The European Commission has adopted a proposal for a regulation upgrading the EU framework for the collection, management and use of data in the fisheries sector to support scientific advice regarding the Common Fisheries Policy (CFP). The JRC will maintain its central role under the new regulation - once adopted - and has been instrumental in the conception of the proposal, building on a longstanding experience in collecting and maintaining fisheries data reported by EU Member States.
The most promising development is that in the future, data will be easily available to anyone who needs it. Currently, data is obtained only upon request. This creates an unnecessary burden for the research institutes and leaving much of the data underutilized. The new system will make it easier to achieve optimal levels that allow fish stocks to regenerate, known as Maximum Sustainable Yield (MSY). The aim is to achieve this for all the stocks fished in EU waters by 2020.
The simplification process will make data readily available and will remove overlaps with other EU legislation (e.g. with the statistical Regulations). The scope will be slightly expanded: side-effects of fisheries on the ecosystem will now be recorded, thus facilitating the implementation of the Marine Strategy Framework Directive.
JRC role in fisheries data collection
The JRC is responsible for the collection and maintenance of fisheries data reported by EU Member States since 2005 and will maintain its central role under the new regulation. Through annual data calls to EU Member States, the JRC gathers biological, economic, fishing effort and discard data. It assembles, stores and analyses the data in order to make it available to the Scientific, Technical and Economic Committee for Fisheries (STECF) composed of independent experts and for which the JRC ensures the scientific and administrative secretariat. Challenges addressed by JRC in data collection include the development of quality assurance procedures, common codifications, and aggregation for analysis and assessments. The data are analysed by STECF experts – including from the JRC – and used for scientific analyses and advice in support of the Common Fisheries Policy.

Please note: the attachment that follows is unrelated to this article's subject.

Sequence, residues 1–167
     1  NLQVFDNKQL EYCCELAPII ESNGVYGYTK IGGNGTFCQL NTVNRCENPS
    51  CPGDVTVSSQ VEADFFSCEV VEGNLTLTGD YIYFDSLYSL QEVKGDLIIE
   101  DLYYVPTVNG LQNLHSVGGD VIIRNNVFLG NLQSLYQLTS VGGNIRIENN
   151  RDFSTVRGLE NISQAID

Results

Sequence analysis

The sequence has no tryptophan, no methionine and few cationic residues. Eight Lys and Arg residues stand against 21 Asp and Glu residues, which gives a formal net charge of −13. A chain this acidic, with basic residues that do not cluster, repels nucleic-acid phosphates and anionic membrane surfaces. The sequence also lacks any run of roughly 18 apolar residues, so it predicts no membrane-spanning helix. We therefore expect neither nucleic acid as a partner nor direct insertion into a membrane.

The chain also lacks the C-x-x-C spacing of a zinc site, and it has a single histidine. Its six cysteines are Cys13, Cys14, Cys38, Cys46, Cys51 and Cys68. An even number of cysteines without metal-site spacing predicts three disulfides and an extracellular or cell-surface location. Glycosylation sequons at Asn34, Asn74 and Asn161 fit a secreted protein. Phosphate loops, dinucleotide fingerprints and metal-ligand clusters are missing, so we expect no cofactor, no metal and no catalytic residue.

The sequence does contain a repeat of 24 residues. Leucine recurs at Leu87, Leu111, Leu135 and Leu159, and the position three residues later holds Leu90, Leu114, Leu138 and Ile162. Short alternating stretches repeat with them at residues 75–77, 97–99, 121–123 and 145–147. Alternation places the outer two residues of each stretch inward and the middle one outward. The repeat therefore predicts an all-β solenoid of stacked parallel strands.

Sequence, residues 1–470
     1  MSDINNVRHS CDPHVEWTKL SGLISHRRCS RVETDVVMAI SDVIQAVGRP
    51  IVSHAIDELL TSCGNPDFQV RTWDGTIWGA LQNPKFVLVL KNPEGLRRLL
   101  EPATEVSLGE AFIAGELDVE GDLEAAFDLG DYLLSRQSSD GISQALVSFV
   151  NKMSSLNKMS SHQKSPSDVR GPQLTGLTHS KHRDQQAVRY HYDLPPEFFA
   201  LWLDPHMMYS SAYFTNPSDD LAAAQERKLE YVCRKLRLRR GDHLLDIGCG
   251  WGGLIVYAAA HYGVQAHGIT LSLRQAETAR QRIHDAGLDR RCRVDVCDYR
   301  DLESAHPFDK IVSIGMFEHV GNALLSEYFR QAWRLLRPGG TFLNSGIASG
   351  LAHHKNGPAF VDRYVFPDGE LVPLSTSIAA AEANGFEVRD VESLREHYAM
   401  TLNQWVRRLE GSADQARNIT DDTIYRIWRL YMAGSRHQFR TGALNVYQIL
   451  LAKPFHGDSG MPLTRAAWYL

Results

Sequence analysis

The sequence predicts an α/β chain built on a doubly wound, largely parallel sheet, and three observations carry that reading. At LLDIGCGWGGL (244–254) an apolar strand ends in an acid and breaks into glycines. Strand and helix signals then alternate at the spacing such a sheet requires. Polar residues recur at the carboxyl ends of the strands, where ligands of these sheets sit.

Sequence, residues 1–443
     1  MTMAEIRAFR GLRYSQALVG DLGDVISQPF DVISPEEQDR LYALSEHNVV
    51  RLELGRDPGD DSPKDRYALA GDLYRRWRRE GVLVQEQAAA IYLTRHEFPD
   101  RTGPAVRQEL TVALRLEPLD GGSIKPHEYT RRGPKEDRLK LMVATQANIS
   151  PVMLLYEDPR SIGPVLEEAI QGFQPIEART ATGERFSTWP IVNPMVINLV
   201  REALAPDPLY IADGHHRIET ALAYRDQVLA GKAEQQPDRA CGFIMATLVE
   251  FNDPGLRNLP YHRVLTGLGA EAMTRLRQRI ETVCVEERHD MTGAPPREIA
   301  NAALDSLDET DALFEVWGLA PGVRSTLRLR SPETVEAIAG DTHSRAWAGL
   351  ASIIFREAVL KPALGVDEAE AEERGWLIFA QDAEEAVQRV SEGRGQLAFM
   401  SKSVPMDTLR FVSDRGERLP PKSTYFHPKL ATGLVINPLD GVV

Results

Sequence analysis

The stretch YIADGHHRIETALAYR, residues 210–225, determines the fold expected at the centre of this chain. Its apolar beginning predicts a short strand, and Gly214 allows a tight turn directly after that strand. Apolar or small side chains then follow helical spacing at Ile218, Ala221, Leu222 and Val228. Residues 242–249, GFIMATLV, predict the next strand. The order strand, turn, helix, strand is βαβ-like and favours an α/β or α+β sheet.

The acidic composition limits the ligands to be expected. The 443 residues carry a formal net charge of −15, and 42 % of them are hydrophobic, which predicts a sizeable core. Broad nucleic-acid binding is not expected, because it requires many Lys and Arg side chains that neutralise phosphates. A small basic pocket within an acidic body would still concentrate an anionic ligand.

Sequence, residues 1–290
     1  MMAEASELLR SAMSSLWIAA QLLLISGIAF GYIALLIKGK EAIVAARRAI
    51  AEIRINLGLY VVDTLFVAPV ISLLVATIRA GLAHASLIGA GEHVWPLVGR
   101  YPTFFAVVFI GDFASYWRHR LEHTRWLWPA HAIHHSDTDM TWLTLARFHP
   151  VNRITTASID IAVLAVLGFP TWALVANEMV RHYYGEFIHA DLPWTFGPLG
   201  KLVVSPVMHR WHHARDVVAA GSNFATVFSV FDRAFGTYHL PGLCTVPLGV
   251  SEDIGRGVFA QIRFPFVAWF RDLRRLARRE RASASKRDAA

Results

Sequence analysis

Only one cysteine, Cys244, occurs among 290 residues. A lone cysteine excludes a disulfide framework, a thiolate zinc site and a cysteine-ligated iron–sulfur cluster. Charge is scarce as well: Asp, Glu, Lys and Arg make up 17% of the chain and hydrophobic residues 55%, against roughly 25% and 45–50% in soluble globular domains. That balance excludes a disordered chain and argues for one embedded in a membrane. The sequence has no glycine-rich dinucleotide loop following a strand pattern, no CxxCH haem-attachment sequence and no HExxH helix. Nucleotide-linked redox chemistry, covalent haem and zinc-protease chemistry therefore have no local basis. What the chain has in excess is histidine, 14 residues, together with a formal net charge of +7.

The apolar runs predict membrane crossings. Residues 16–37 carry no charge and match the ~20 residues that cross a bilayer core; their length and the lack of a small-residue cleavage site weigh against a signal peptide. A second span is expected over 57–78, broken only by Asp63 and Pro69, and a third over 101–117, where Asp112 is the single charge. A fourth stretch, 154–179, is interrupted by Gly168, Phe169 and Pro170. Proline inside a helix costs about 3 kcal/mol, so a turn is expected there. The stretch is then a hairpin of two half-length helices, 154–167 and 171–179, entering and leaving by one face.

The Common Fisheries Policy
The reformed Common Fisheries Policy (CFP) aims to ensure that fishing and aquaculture are environmentally, economically and socially sustainable and that they provide a source of healthy food for EU citizens. It adopts a cautious approach which recognises the impact of human activity on all components of the ecosystem, seeking to make fishing fleets more selective in what they catch, and to phase out the practice of discarding unwanted fish.
In this context, the scope of data to be collected under the new Data Collection Framework (DCF) will also relate to impacts of fisheries on ecosystems (e.g. protected species, seabed habitats), impacts of aquaculture (e.g. mortalities/loss and medicines used) and the effects of the landing obligation.
The systematic collection of reliable basic data on fisheries is a cornerstone of fish stock assessment and scientific advice, and consequently for the effective implementation of the Common Fisheries Policy. This new regulation builds on the original EU framework for the collection and management of such data as part of an integrated programme which was set up in 2000 (Council Regulation EC N°1543/2000) and 2008 (Council Regulation EC N°199/2008).